With his blond hair and blue eyes, Tom Alter found few roles on the big and small screens, frequently that of a villain. Here are some roles in which he stood out despite the stereotyping that dogged his career.
Aashiqui: As the repressive Arnie Campbell, Alter played the chief obstacle in Mahesh Bhatt’s 1990 love story, Aashiqui. The immensely hummable music and the fresh pairing of Rahul Roy and Anu Aggarwal may have made the movie the blockbuster of the year, but the story of two star-crossed lovers was convincing to a huge extent because of the menace that Alter conveyed.
Parinda: While to most Bollywood filmmakers, Alter was the obvious choice to play a gora, Vidhu Vinod Chopra cast the actor as an underworld don, Musa, in his 1989 crime drama, Parinda. While being pivotal to the plot of the film, it wasn’t the meatiest of roles, but Alter made it memorable, searing the memory of Musa’s ultimate grim betrayal in the minds of a generation
Shatranj ke Khiladi: In this Satyajit Ray film, based on a short story by Munshi Premchand, Alter played Captain Weston, aide de camp to General James Outram, the newly-arrived British resident in Awadh. In a memorable scene, when Outram seeks information from his subordinate about Nawab Wajid Ali Shah and the general state of affairs in Awadh, Alter successfully captures the deep sympathy his character has for both the Nawab and the culture of the land, even reciting some of Wajid Ali Shah’s poetry. Alter’s portrayal was key to establishing how the racial and cultural lines dividing Indian nobility and the British were blurred before the rebellion of 1857.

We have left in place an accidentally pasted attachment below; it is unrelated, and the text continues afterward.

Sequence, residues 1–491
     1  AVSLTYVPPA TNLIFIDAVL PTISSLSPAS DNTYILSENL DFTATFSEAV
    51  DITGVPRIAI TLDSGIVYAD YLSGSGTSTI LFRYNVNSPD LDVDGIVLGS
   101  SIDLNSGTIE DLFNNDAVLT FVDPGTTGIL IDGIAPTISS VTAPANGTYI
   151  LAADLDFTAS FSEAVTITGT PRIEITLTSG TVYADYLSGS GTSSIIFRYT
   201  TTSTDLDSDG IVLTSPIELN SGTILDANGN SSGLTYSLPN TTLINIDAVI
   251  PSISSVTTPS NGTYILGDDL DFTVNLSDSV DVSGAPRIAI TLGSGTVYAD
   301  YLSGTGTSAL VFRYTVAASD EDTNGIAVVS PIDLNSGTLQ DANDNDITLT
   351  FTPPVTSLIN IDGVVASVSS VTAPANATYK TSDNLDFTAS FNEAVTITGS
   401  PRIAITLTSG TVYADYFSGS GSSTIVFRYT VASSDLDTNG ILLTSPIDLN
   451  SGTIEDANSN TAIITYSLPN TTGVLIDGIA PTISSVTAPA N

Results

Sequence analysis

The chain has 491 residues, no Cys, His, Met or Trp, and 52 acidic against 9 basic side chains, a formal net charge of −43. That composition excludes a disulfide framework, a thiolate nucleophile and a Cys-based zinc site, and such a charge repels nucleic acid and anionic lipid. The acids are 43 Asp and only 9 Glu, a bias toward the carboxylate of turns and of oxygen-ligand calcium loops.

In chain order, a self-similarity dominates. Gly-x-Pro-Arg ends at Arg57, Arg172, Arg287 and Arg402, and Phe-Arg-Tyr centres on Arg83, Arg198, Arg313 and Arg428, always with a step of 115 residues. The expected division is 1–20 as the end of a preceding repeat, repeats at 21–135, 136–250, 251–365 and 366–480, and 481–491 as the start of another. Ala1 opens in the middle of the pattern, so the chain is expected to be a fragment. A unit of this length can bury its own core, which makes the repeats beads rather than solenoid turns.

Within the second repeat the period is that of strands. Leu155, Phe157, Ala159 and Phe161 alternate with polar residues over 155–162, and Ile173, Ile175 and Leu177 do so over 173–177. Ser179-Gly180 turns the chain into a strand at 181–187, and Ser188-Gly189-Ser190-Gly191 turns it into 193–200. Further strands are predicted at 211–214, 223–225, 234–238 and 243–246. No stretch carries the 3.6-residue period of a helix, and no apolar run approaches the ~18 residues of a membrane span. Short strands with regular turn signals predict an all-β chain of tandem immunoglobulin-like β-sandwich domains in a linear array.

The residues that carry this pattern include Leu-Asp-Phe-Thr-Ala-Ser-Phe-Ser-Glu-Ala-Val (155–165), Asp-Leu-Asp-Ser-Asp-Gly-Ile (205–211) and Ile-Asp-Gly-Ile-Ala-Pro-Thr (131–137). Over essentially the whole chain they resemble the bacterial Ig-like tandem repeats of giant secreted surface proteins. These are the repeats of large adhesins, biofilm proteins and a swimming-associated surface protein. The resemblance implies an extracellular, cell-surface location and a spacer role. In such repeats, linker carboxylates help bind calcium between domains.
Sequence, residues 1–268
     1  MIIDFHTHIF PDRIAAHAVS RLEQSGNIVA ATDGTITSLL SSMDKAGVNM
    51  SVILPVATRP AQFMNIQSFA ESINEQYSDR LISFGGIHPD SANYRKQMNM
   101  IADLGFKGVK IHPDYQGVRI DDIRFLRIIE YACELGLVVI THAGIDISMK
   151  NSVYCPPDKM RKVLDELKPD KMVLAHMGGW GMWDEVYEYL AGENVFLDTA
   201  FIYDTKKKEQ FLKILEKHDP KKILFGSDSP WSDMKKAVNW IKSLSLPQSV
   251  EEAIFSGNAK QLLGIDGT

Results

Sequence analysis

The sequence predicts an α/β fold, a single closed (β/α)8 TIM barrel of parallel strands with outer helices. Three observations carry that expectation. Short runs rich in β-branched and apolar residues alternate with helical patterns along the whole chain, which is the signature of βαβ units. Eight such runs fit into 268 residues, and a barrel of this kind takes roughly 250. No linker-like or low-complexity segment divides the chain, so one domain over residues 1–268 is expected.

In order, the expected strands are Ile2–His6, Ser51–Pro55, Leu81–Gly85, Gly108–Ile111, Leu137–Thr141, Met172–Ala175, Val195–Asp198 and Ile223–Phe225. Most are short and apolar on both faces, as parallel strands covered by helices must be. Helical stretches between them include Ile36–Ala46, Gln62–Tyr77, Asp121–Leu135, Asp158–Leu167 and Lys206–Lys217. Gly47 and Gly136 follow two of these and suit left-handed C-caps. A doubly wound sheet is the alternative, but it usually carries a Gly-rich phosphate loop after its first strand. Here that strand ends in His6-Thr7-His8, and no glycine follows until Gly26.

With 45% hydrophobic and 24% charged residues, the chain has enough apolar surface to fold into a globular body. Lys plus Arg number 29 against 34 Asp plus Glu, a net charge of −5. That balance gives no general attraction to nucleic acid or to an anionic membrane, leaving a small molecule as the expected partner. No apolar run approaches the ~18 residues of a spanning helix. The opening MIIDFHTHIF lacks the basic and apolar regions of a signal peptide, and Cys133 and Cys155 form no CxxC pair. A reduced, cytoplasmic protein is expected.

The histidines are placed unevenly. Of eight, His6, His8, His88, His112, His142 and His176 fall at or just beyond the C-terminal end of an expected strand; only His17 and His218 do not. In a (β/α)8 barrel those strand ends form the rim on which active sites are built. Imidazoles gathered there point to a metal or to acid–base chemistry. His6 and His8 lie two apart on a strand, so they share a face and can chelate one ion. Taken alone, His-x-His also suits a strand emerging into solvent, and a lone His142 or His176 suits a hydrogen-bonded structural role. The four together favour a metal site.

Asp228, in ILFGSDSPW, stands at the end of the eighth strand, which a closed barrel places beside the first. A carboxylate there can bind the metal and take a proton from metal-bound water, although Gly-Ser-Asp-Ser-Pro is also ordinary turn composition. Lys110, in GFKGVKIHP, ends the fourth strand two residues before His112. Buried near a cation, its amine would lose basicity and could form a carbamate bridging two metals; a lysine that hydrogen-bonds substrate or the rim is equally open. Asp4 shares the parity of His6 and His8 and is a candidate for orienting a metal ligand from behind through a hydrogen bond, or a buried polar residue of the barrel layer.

Junoon: Running for five years straight and with 500 episodes, Junoon was a huge hit for Doordarshan. The story revolved around two business rivals, played by Mangal Dhillon and Shashi Puri, and their families, with Alter digging his teeth into the rather meaty role of the mob boss Keshav Kalsi, the villain with the slick wardrobe and overdone hair.
Zabaan Sambhalke: The cast of the Doordarshan show, based on the British sitcom Mind Your Language, featured some of the most popular actors working in television at the time. Besides Pankaj Kapur, who played the beleagured Hindi teacher Mohan Bharti, there were Shubha and Viju Khote, Vivek Vaswani and Anant Mahadevan. Alter held his own as the ascot-wearing Mr Charles Spencer, a British writer in India.
Shaktimaan: Cable TV may have come to India in the ’90s along with sophisticated programming from the US and Britain, but for many children growing up in the decade, Shaktimaan was the last word in superhero television shows. Alter played the snowy-haired and saffron-clad Mahaguru, a mentor figure to Mukesh Khanna’s titular character, helping him realise his powers.
Samvidhaan: The Making of the Constitution of India — Shyam Benegal’s mini-series made for Rajya Sabha TV boasted an impressive cast, including Sachin Khedekar as BR Ambedkar, Neeraj Kabi as Gandhi, Dalip Tahil as Nehru and Utkarsh Mazumdar as Sardar Patel. Alter played Maulana Abul Kalam Azad, breathing quiet dignity and stern determination into the role.